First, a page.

Certain official documents of the Pontifical Commission on Population, Family, and Birth-rate are published here without permission under the limitation of copyright called fair use, inasmuch as the documents on which Ford and Grisez collaborated could not be accurately understood and fairly evaluated without the otherwise unavailable Commission documents to which they were responding.

In 2011, Grisez judged that he was no longer bound to keep these documents secret for two reasons: (1) he never undertook to keep them secret; and (2) after more than forty-four years, the publication of these documents is hardly likely to harm the Church and may well benefit her.


Report on the Fourth Session of the Commission    
Set Up by the Holy See to Study the
Problems of Population, Family, and Birth-rate
Rome  —  25–28 March 1965

This document reports on the first session of the Commission after it was expanded and given a broader mandate by Pope Paul VI on June 23, 1964. Dr. John R. Cavanagh, a Washington, D.C., psychiatrist, who was appointed (as Ford also was) when the Commission was expanded, received this English-language copy of the official report from the Rev. Henri de Riedmatten, O.P., Secretary General of the Commission, and gave it to Grisez. The document bears marks Cavanagh made as he worked through it.

De Riedmatten says in the Report that he takes full responsibility for it and acknowledges that most members of the Commission were given no opportunity to check it out. However, he also mentions that he received the help of a dozen members of the group, who worked over and discussed the report with him immediately after the session ended.

Cavanagh, who had published a book on marriage in which he had faithfully adhered to the Church’s moral teachings, told Grisez that he and most of the other laypeople who participated in the session had been surprised by the views of the theologians who favored change. Hearing those views, almost all the non-theologians began to think, for the first time in their lives, that contraception might, after all, be—or be about to become—morally permissible.

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Status Quaestionis: Doctrina Ecclesiae Eiusque Status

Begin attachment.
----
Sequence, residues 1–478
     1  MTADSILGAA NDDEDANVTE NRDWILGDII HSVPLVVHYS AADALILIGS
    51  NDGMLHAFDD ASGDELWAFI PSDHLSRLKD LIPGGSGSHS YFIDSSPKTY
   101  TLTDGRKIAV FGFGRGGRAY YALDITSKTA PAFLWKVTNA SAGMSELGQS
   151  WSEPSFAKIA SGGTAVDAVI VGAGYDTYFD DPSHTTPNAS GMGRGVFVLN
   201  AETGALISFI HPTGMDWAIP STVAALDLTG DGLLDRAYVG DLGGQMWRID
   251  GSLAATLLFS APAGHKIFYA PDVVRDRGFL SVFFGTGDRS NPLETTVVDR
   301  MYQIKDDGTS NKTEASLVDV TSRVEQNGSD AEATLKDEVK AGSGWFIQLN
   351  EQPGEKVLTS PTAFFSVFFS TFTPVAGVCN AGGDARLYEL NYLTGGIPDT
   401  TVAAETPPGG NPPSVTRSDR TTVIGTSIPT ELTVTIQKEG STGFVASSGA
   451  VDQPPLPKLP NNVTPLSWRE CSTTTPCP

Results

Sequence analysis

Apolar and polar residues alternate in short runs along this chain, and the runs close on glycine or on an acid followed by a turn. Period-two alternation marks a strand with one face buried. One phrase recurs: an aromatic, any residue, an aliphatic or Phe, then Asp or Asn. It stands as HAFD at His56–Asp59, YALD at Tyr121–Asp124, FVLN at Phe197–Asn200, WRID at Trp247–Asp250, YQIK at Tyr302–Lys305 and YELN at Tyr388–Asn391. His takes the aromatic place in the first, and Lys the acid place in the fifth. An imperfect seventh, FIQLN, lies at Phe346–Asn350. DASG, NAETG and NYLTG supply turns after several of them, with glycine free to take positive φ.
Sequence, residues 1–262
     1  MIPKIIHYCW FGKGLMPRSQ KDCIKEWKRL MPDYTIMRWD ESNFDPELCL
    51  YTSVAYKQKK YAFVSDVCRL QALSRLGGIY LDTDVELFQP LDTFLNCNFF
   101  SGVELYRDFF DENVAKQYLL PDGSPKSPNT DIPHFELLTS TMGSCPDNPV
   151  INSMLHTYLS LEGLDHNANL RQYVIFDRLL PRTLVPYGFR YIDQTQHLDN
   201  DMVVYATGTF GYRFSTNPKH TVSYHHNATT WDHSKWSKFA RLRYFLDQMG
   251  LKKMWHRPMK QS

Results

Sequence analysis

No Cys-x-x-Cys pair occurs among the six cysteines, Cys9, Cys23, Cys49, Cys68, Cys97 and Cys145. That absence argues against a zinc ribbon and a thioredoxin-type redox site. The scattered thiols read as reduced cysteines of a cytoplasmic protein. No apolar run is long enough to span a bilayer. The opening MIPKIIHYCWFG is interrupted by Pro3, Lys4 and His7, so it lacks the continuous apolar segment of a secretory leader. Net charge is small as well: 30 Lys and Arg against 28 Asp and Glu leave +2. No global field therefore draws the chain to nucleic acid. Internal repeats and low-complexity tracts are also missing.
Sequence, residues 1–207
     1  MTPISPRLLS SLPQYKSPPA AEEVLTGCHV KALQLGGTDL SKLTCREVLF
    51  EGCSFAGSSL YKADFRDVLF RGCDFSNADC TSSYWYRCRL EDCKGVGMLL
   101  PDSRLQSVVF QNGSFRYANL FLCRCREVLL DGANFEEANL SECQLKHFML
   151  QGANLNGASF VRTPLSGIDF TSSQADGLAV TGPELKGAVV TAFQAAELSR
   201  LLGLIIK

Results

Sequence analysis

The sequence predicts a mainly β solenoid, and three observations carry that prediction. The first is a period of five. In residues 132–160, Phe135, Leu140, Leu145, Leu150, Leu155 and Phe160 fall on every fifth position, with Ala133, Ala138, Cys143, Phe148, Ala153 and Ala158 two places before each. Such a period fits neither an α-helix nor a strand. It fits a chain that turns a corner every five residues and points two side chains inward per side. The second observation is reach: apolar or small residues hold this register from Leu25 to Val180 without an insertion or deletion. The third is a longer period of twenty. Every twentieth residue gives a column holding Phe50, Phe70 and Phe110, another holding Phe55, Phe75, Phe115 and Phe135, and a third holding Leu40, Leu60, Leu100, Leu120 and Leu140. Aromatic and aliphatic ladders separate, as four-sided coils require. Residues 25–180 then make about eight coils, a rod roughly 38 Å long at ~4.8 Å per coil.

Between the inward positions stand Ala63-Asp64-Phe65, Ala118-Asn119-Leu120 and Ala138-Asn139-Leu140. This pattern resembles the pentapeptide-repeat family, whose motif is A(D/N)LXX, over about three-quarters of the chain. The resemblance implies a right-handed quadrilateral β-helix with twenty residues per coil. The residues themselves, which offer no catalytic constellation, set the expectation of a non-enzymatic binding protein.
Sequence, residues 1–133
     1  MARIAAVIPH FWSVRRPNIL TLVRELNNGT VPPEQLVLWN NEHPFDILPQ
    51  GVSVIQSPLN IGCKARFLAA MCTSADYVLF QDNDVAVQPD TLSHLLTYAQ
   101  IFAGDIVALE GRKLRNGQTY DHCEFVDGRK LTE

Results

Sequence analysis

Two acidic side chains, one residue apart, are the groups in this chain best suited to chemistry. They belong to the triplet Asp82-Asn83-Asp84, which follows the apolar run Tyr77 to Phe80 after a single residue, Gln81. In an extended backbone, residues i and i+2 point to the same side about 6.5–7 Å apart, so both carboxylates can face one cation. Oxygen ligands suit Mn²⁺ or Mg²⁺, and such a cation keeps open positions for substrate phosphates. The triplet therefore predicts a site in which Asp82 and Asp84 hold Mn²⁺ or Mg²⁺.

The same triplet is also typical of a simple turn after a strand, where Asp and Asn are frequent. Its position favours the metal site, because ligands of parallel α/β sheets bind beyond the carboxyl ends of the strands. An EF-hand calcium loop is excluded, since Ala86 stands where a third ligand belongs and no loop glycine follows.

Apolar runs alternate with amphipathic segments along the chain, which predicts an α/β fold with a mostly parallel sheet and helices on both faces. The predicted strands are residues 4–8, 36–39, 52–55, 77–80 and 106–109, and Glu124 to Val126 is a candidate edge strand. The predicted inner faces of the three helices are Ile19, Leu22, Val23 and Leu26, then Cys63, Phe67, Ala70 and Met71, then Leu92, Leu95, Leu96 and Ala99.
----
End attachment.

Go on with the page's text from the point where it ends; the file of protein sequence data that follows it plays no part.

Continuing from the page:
Ford mailed this and the next document to Grisez late in May 1966, and deleted from both documents indications of exactly what they were and who had signed them. Ford also omitted the pastoral section contributed by Fr. de Lestapis. (Although de Riedmatten included both this and the next document as appendices [6 and 5, respectively] to his Rapport Final, the copy of that report later received by Grisez lacked the appendices.)

This Latin document and the next one were among the items leaked in 1967 by proponents of change in an attempt to press Paul VI to yield—or at least to remain silent—on the morality of contraception, and probably also to foment rejection of his reaffirmation of the teaching should he eventually dare to issue one.

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Documentum Syntheticum de Moralitate Regulationis Nativitatum    

Because Ford requested comments on this document when he mailed it, Grisez made marginal notes on its pages and marked them up as he worked on it. Those notes and marks have been removed insofar as possible.

The central paragraph in this document is (4) on page 5, in which the majority theologians say that “biological fecundity . . . is to be assumed into the human sphere and regulated in it.” By that statement, they inadvertently reveal a dualistic notion of the human person, according to which human bodily functions are in themselves subhuman and become human only by being consciously taken up and rationally regulated.

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Grisez’s Comments on the Two Papers    

Ford did not explain what the two theological papers were when he sent them to Grisez with a request for comments. However, Grisez realized that they were summaries of the views of the two opposing groups of theologians participating in the Commission’s work. He consulted no one and did no research on the matters the documents treated, but made a few notes while reading them carefully and then dashed off his comments. They were meant only for Ford’s use, and Grisez was confident they would be used judiciously.

In publishing them here, Grisez asks that they be regarded as what they are, not as his considered opinions, much less as his mature views, on the matters treated.

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The Church and Contraception    

Grisez failed to save a copy of the first version of this document, which he and Ford very slightly revised and included in both English and Italian as part III of the Materials Prepared by Ford and Grisez at the Request of Cardinal Ottaviani, which is listed below.


Schema Quoddam Declarationis Pontificiae circa Anticonceptionem    

This document, prepared by Ford and Grisez, includes both the final English text, on which both men worked and on whose text they fully agreed, and the Latin translation, made by Ford alone.